Wednesday, 19 February 2014

When 'Good Enough' isn't Good Enough

Struck suddenly the other night with a burst of inspiration (and stomach flu--but never mind about that) I began reworking the opening of Holger Danske: The Graphic Novel.  It seems appropriate that a graphic novel would have a fairly different tone than a series--and, frankly, I think it is one that I am more comfortable with.  A series needs to have built in stopping points. Each issue needs to advance a wider story arc while telling a smaller story within.  I think our story works as a series, but I think it will be better without losing the momentum on the wider story.  Plot driven stories are all about momentum and serialized stories are often lacking in it.  It is the nature of the medium.  A series must follow rabbit trails and tangents while the larger story unfolds in the background in order to carry a smaller story in the immediate.  But there is always a somewhat frustrating sense that the larger story might never be resolved--or, that like that old fable, perhaps the Emperor has no clothes and the plenitudinous build up of a larger conflict is all smoke and no fire.  Television shows often suffer from this fate.  Lots of talk.  Lots of build up.  Lots of talking to the Smoking Man in the shadows--but no satisfying narrative resolution.

And so, despite the inevitable delay, I am pleased to make the changes because I think it will result in a tighter story.  The new opening has a decidedly different approach, in which an intangible whiff of mysticism begins to permeate the reality of Man the Rational Monster.  It feels like digging deeper into the psyche of the story which can only be a good thing for this project--despite the scary places it might take me.  I certainly didn't set out to write horror, but when you find it in the human heart, it is simply no good to pretend it isn't there.   Telling a story is a bit like an archeological dig.  You go deeper and uncover some half buried structure, some truth about human nature.  You brush it out carefully and begin to see how it informs everything and that you wrote it already without even really comprehending it on a conscious level.  It reveals that truth wears a mystical garment--written in your mind and written on the page without intention.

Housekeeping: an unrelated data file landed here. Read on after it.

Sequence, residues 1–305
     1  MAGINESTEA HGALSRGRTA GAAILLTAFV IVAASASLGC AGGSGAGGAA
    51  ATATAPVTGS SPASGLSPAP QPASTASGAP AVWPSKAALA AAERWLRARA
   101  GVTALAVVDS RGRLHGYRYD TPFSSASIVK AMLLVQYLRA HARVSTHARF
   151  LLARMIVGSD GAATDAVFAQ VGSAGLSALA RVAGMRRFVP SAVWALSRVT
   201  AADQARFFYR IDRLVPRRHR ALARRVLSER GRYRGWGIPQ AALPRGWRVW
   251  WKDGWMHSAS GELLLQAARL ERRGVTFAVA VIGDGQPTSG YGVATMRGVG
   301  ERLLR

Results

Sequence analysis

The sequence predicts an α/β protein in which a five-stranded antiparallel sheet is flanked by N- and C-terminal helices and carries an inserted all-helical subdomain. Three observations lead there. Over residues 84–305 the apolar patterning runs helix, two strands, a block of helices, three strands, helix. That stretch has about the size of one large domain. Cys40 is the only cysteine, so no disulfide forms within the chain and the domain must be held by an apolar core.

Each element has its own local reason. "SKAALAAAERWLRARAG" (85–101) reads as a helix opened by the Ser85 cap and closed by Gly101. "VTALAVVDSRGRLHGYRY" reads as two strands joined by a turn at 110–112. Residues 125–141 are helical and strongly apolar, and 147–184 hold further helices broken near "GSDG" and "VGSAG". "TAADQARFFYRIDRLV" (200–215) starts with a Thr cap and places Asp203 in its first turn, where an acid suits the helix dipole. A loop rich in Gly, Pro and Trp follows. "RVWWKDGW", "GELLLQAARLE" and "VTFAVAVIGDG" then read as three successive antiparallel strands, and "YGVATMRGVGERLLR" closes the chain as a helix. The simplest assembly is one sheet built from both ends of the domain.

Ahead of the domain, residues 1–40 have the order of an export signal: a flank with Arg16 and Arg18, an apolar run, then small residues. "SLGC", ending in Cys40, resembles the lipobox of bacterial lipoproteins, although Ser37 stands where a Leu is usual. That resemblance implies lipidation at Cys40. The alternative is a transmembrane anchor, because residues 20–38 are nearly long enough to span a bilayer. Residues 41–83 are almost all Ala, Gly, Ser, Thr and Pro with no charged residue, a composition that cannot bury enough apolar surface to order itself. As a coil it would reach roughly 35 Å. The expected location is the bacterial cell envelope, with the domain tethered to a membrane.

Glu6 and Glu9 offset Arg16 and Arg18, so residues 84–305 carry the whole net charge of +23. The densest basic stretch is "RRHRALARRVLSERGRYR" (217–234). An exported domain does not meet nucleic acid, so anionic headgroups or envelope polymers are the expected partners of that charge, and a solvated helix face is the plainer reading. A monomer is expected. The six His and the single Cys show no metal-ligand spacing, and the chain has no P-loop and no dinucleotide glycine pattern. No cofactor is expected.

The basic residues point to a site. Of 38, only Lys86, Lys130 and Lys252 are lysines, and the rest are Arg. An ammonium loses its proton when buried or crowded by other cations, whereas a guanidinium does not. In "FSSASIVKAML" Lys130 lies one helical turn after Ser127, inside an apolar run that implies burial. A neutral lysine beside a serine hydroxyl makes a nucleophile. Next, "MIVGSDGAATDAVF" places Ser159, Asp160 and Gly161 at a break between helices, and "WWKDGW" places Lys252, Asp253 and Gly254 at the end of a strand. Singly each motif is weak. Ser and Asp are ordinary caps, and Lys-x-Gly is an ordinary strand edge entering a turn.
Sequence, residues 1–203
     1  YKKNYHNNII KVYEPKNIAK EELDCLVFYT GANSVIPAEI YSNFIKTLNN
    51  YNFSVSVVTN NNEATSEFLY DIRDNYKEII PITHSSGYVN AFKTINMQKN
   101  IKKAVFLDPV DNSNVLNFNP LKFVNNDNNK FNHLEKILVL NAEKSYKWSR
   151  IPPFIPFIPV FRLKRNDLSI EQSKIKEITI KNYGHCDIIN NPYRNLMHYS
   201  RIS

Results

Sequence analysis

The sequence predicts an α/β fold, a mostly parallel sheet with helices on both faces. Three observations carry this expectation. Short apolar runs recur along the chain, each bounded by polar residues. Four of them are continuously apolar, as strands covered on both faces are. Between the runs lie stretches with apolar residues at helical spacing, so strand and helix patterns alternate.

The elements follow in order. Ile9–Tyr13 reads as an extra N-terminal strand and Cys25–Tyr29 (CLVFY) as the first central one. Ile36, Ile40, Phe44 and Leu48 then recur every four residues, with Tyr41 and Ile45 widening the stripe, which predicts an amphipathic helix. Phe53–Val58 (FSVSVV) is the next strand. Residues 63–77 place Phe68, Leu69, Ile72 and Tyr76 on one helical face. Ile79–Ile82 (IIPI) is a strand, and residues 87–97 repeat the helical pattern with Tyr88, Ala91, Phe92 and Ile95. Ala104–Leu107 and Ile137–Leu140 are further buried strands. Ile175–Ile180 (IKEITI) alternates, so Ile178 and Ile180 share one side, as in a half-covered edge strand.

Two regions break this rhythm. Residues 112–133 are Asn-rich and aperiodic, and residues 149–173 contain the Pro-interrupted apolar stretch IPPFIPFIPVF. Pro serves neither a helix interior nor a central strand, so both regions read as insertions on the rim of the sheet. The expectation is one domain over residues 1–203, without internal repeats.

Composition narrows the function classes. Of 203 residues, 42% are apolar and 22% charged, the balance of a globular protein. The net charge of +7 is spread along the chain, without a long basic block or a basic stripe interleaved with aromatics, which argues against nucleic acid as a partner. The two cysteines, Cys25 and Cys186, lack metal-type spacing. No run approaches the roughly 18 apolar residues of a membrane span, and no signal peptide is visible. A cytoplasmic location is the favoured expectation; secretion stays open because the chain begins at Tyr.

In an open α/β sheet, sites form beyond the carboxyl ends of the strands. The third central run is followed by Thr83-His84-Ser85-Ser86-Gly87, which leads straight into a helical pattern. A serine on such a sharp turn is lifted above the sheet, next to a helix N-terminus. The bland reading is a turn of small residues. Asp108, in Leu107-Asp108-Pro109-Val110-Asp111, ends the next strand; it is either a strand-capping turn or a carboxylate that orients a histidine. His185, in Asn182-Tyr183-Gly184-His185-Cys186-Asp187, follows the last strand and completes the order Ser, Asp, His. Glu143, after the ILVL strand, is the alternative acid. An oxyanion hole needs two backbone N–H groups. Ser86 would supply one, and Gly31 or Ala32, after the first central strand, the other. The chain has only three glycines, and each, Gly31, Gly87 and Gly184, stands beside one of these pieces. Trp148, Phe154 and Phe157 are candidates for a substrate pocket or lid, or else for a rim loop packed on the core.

This is the sort of thing that gets me excited about telling stories.  Before I had ever written one, I used to wonder how an author managed to weave so many interesting themes into the narrative.  How did they manage to control each thread to direct it into its place in the tapestry?  How did they keep it from becoming a unintelligible snarl? The answer turns out to be a lot of hard work.  But it is the hard work of delicately brushing out the hidden details that only emerge after many drafts and countless rounds of editing.   That being the case, I suppose I am glad that Holger Danske hasn't been published in some earlier iteration. Sure, the story may have worked--it might even have been pretty good.  But according to someone smart, good is the enemy of great.  So, it's great that our story never went anywhere while it was good.

Thursday, 16 January 2014

*The Word You're Looking For is "Irrespective"*

I'm finally doing it.  I'm working on Holger Danske again after a long hiatus.  (I am not querying either, praise the Lord.  I can only take so much of that and I'm all full up right now.)

I am revamping all the scripts so that instead of a six issue miniseries, we will have one graphic novel instead (current page count 219!)  It won't be that bloated when I am finished with it.

I don't know whether changing the format will solve our pitching problems or not. I have come to the conclusion that it doesn't really matter.  Tailoring your project to fit the current sensibilities of the publishing industry is like target practice with a gun that doesn't shoot straight.   It won't matter how much you line up, the bullet goes off sideways--the target ever illusive.

So that brings us back around to where we started all those years ago with Holger Danske. Creating a story that we like. We do what we want, *irregardless* of what the professionals like or don't like.  The only people we owe a good story to is ourselves.